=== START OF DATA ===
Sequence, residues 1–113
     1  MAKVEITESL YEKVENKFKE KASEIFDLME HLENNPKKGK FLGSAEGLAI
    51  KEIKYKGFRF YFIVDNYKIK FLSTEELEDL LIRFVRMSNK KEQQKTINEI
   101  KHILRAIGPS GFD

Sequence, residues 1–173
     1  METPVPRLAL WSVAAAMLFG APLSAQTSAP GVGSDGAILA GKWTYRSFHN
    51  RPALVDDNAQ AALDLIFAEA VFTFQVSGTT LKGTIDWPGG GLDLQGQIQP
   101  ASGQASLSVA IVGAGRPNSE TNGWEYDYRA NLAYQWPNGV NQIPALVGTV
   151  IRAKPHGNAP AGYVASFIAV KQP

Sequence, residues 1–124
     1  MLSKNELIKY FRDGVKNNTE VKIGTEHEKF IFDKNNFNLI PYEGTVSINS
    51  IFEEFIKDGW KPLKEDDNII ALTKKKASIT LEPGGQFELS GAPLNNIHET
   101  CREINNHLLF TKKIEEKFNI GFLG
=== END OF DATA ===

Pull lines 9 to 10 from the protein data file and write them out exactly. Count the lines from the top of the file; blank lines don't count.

   151  IRAKPHGNAP AGYVASFIAV KQP

Sequence, residues 1–124